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Biden Taps Rep. Deb Haaland to Lead Interior in Historic Move

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Biden Taps Rep. Deb Haaland to Lead Interior in Historic Move
New Mexico Rep. Deb Haaland addresses the virtual DNC convention on August 20, 2020. DNCC / Getty Images

President-elect Joe Biden announced Thursday that he picked New Mexico Representative Deb Haaland to serve as Secretary of the Interior.


If confirmed by the Senate, Haaland would be the first Native American to hold a cabinet secretary position. However, her appointment as head of the Department of the Interior is especially significant, since the department has historically committed injustices against Indigenous Americans and currently is the agency most responsible for their welfare.

"A voice like mine has never been a Cabinet secretary or at the head of the Department of Interior," Haaland tweeted Thursday. "Growing up in my mother's Pueblo household made me fierce. I'll be fierce for all of us, our planet, and all of our protected land. I am honored and ready to serve."

Haaland hails from the Pueblos of Laguna and Jemez, Indian Country Today reported. She made history in 2018 as one of the first two Indigenous women to be elected to Congress. In the House, she currently acts as the vice chair of the Committee on Natural Resources and chair of the Subcommittee on National Parks, Forests and Public Lands.

As head of Interior, Haaland will oversee the department that manages around 500 million acres of public lands, including national parks, habitat for endangered species and oil and gas drilling sites, The New York Times reported. The department also manages the Bureau of Indian Education and the Bureau of Trust Funds Administration, which controls funds held in trust for Native Americans, making it the most impactful department for the nation's 1.9 million Indigenous people.

Haaland will bring to the post a clear commitment to both Indigenous rights and environmental justice. As committee vice chair, she has worked to keep the climate crisis front and center while also supporting clean energy plans that help create new jobs and opportunities for former fossil-fuel workers, InsideClimate News reported. She supports the Green New Deal and a ban on fracking.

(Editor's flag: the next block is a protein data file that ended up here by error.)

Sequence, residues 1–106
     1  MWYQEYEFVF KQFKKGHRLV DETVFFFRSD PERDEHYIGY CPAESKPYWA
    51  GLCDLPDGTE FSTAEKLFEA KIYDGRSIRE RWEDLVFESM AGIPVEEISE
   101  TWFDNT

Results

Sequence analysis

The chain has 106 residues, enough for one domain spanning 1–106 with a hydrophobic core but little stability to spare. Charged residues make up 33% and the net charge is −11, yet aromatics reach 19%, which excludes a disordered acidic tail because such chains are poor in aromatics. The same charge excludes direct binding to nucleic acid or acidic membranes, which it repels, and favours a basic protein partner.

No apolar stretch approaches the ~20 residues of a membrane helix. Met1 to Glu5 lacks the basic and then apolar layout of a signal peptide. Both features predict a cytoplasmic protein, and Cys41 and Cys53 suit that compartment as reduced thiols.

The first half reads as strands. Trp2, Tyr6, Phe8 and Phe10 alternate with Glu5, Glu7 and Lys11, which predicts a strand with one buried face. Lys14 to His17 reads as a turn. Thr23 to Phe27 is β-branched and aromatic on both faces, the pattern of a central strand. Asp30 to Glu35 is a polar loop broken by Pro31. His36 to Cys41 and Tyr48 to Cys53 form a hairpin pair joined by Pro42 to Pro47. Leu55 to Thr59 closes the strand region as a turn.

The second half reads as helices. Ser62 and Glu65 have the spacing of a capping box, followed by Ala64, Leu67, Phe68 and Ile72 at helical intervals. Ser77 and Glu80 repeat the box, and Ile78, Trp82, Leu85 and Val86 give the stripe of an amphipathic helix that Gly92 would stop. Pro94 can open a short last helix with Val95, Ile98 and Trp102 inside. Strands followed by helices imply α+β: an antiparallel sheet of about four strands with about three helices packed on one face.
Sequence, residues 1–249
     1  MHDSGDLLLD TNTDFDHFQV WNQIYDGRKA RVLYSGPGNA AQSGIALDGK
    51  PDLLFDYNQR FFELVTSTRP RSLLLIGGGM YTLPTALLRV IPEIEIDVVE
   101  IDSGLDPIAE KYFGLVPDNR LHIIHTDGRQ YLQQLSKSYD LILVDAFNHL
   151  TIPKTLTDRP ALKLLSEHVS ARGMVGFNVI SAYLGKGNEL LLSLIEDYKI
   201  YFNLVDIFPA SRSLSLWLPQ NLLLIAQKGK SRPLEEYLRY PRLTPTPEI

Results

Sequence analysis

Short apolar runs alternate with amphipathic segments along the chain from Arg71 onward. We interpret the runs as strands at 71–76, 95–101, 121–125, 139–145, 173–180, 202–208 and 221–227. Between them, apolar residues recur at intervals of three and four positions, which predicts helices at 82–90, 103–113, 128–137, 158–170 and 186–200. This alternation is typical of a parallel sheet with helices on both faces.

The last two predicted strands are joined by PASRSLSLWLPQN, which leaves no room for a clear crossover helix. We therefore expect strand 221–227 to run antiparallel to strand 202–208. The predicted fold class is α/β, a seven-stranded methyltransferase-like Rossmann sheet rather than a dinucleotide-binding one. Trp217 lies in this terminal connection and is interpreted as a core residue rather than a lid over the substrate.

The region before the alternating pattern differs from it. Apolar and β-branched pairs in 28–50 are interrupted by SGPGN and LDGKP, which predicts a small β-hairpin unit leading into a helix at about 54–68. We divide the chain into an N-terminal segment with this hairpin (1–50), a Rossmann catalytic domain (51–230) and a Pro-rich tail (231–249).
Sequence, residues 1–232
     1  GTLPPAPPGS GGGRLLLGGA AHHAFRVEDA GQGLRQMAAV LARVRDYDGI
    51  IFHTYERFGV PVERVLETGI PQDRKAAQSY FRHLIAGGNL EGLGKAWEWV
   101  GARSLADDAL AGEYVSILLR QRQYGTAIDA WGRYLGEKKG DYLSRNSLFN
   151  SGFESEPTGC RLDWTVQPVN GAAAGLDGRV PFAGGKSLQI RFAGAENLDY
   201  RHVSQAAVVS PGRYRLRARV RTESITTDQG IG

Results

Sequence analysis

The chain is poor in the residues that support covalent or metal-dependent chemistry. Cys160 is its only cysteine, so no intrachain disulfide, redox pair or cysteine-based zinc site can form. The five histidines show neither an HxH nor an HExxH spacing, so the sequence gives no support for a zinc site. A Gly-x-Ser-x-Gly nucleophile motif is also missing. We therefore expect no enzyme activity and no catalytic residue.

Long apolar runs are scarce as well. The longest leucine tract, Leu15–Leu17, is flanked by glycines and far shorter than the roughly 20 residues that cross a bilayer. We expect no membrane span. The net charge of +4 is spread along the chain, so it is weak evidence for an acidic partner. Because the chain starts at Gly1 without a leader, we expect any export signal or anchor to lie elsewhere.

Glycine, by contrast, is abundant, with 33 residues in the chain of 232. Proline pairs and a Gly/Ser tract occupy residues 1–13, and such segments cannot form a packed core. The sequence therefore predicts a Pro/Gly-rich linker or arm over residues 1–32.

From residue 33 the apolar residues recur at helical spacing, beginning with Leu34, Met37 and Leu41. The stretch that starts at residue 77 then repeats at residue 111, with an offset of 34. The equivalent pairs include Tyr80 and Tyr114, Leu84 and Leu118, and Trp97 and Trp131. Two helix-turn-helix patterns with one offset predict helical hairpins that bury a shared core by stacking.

In 2016, she appeared in person to support the Standing Rock Sioux tribes' opposition to the Dakota Access pipeline, The Washington Post reported. Jodi Archambault, Standing Rock member and former special assistant to Barack Obama for Native American affairs, said that Haaland offered support from New Mexico's labor unions, as well as home-cooked food.

"She brought her own cooking things and opened her trunk up, and said, 'This is the best I can do,'" Archambault said. "The stew was really good; the tortillas were excellent."

Haaland's appointment is itself a victory for Indigenous and environmental groups, who loudly supported her to the Biden transition team. Biden was reportedly leaning toward appointing Senator Tom Udall of New Mexico, according to The New York Times. But a combination of activists, Congressional Democrats and celebrities, including Mark Ruffalo, spoke up in her favor. The Lakota People's Law Project launched a petition that was backed by more than 120 tribal leaders. More than 130 tribal leaders also wrote letters to Biden and Vice President Kamala Harris supporting her appointment, and groups such as NDN Collective and IllumiNative campaigned online, Indian Country Today reported. The Indigenous Environmental Network also rallied around her, and the climate-justice focused Sunrise Movement also supported Indigenous activists in backing her nomination.

Haaland's appointment is a continuation of generations of Indigenous activism for more control over a department that has historically been party to their displacement and oppression. For example, in 1972 around 500 Indigenous activists occupied the department's Washington, D.C. headquarters demanding it honor treaties and improve living standards, The New York Times reported.

"It could not have been in our forefathers' dreams to have an actual Indian be appointed at the Cabinet level in the agency that is meant to oversee their absorption," Lakota People's Law Project attorney and Indigenous activist Chase Iron Eyes told The Washington Post.

If confirmed, Haaland will be tasked with reversing Trump administration Interior policies hostile to both Indigenous people and the environment, such as the shrinking of Bears Ears and Grand Staircase-Escalante national monuments in Utah, according to The New York Times. She will also carry out Biden's agenda of banning fracking on public lands. Plus, Haaland has pledged to shift the department's emphasis from championing oil and gas development to boosting renewable energy.

"I come from New Mexico. It's a big gas and oil state. And I care about every single job," Haaland told The Washington Post in a recent interview. "We don't want to go back to normal, right? We don't want to go back to where we were because that economy wasn't working for a lot of people."

The Biden-Harris transition team announced Haaland's appointment with a slate of climate-focused picks, including North Carolina environmental regulator Michael Regan to run the Environmental Protection Agency and former Michigan Gov. Jennifer Granholm to run the Department of Energy.

"This brilliant, tested, trailblazing team will be ready on day one to confront the existential threat of climate change with a unified national response rooted in science and equity. They share my belief that we have no time to waste to confront the climate crisis, protect our air and drinking water, and deliver justice to communities that have long shouldered the burdens of environmental harms," Biden said.

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